07/14/2005 11:00PM

Super pays $10,000 for a dime


It seems a dime can still buy more than a gumball. On Wednesday, opening day at Ellis Park, two winning 10-cent superfecta tickets in race 6 hit for $10,848.28.

The extraordinary payoff was made possible by a parade of longshots finishing first through fourth. Tawney Port won the sixth race, a $5,000 nonwinners-of-two claimer at odds of 20-1, and was followed by Shiloh Dawn at 28-1, Rubiano's Revenue at 22-1, and The E at 11-1.

This improbable result allowed two winning bettors to take the entire $27,816 pool based on wagers made in dime increments. According to the track, one ticket was sold out of a wagering hub in Maine and another was placed at Turfway Park. Jeff Hall, director of mutuels for Ellis Park, said he did not know how much each bettor wagered in combinations.

Dime superfecta wagering, offered for the first time this year at Ellis Park, sharply lowers the cost of the wager. For example, a six-horse box in the superfecta costs $360 at a track with a $1 minimum bet. The ticket costs $36 at Ellis and at other tracks that offer a dime superfecta.

Typically, payoffs are lower by approximately the same ratio. Wednesday's sixth race proved a rare exception due to the pair of winning tickets taking the whole pool.

Flint in with two high-priced claimers

Trainer Bernie Flint has made the racing game appear easy in recent years by claiming high-priced older horses at Churchill Downs and successfully converting them into stakes horses at smaller tracks.

The "Flint formula" could pay off again Sunday in the eighth race at Ellis Park, a $35,000 overnight handicap at 1 1/8 miles on dirt. Flint has an entry of stakes winners in the race, Ask the Lord and Discreet Hero, horses that his LTB Inc. racing stable owns in partnership with Richard Williams.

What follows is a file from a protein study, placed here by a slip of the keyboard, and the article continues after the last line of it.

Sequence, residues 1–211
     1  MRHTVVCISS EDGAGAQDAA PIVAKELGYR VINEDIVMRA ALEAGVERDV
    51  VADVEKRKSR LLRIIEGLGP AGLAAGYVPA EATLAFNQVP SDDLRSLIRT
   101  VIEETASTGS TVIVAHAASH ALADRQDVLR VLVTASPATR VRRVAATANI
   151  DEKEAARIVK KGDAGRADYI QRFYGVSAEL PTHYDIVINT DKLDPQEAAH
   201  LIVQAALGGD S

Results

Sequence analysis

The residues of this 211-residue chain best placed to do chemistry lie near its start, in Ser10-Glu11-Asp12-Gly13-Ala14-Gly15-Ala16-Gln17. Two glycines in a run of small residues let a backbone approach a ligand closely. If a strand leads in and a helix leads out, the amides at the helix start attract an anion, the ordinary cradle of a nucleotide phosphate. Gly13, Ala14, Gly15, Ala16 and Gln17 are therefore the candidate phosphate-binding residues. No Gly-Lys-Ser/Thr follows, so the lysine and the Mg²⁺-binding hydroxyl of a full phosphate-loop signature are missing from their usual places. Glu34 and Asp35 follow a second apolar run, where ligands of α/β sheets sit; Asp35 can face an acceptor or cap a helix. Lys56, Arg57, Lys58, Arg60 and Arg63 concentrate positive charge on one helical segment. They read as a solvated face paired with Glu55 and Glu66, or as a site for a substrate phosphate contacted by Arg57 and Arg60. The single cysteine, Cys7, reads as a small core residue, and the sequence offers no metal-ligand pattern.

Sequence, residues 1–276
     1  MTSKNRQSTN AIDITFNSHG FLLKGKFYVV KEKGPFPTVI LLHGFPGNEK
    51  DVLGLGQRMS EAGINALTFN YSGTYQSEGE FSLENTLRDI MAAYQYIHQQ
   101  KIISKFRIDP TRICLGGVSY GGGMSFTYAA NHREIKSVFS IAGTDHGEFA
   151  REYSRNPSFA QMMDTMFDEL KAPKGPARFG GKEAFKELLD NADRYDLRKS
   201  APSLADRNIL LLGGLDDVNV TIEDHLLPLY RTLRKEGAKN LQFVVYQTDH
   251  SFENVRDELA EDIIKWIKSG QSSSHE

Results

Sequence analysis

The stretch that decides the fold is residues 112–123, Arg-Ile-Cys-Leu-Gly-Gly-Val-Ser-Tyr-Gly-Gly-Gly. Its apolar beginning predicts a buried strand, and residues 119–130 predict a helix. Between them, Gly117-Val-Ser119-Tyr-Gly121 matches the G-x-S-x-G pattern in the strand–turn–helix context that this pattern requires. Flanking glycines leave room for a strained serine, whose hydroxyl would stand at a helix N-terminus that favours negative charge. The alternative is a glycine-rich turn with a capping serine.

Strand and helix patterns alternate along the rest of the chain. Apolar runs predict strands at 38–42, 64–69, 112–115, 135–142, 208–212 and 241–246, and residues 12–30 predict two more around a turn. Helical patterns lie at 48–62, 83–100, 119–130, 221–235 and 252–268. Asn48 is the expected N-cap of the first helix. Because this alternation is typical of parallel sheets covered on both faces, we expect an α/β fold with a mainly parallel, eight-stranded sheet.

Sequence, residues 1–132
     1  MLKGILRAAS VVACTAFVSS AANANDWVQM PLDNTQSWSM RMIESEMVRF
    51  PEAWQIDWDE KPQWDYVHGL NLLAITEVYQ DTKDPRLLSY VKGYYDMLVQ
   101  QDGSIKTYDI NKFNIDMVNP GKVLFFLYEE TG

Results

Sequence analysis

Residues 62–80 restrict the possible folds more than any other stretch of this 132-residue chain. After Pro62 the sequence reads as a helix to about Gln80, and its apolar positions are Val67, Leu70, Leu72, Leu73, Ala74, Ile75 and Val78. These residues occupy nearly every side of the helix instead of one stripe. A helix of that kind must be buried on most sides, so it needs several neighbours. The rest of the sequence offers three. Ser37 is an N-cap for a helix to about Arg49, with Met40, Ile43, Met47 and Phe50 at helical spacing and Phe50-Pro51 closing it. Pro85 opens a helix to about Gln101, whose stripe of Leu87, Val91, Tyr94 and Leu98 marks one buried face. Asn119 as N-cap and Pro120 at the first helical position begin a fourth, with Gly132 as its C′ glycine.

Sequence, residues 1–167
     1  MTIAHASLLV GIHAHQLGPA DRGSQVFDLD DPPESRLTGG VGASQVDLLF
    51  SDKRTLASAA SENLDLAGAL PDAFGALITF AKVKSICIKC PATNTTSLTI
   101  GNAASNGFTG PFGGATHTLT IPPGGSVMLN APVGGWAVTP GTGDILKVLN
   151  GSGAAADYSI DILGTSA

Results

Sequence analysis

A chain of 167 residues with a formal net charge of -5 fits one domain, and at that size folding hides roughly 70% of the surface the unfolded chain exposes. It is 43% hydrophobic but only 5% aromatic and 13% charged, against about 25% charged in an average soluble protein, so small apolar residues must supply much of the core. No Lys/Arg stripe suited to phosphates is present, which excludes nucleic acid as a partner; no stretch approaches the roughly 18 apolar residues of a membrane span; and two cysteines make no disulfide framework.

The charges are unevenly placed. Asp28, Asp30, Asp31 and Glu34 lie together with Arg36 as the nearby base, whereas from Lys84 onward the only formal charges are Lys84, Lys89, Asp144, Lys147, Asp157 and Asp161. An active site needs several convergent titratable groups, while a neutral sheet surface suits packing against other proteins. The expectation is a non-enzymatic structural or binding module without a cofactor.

Ask the Lord, a $62,500 claim in October 2003, has made $327,245 in 24 starts for Flint; Discreet Hero, taken for $40,000 in July 2004, has earned $261,966 in 15 races for him.

Of the two, Discreet Hero appears the more likely winner despite coming off a last-place finish in the Dr. Fager Handicap at Arlington on July 9. He was burned up on the lead by a furious pace in that race, but catches less speed here.

Prior to his loss in the Dr. Fager, he won a pair of races at Mountaineer Park, both times earning triple-digit Beyer Speed Figures.

Ask the Lord has not shown the same effectiveness this year, although he is a two-time winner in 2005. Jesus Castanon has been named aboard both halves of the entry.

Other starters include Azucar, Proper Prado, Jamian, and Bound for Fame.

Strangles tests come back negative

Results of a second round of testing of horses in trainer Ron Moquett's quarantined barn at Ellis Park have all come back negative for the equine bacterial disease strangles, said Doug Bredar, Ellis Park's racing secretary. Strangles is a bacterial infection that causes fever, nasal discharge, and swelling in the throat.

Under the protocol established by the Kentucky Department of Agriculture, each horse in the quarantined barn must test negative for strangles in three consecutive tests before being allowed to return to the general horse population. Bredar speculated that the final test could come next week.

Moquett's Ellis Park barn was quarantined earlier this month following a confirmed case of the disease in a 4-year-old filly he had based there. Moquett's starters this meet at Ellis Park have come from his Churchill Downs stable, which is unaffected by the quarantine, Bredar said.

Weather can't keep fans away

Inclement weather and wet track conditions kept some horses away from the races this week, but not the fans. Ellis reported an attendance of 4,604 on Wednesday, the highest opening-day total since Churchill Downs Inc. took over the property in 1999.

Turf racing was canceled for the third straight day Friday, resulting in those races being moved to the main track. The inability to race on turf contributed to numerous scratches on all three cards.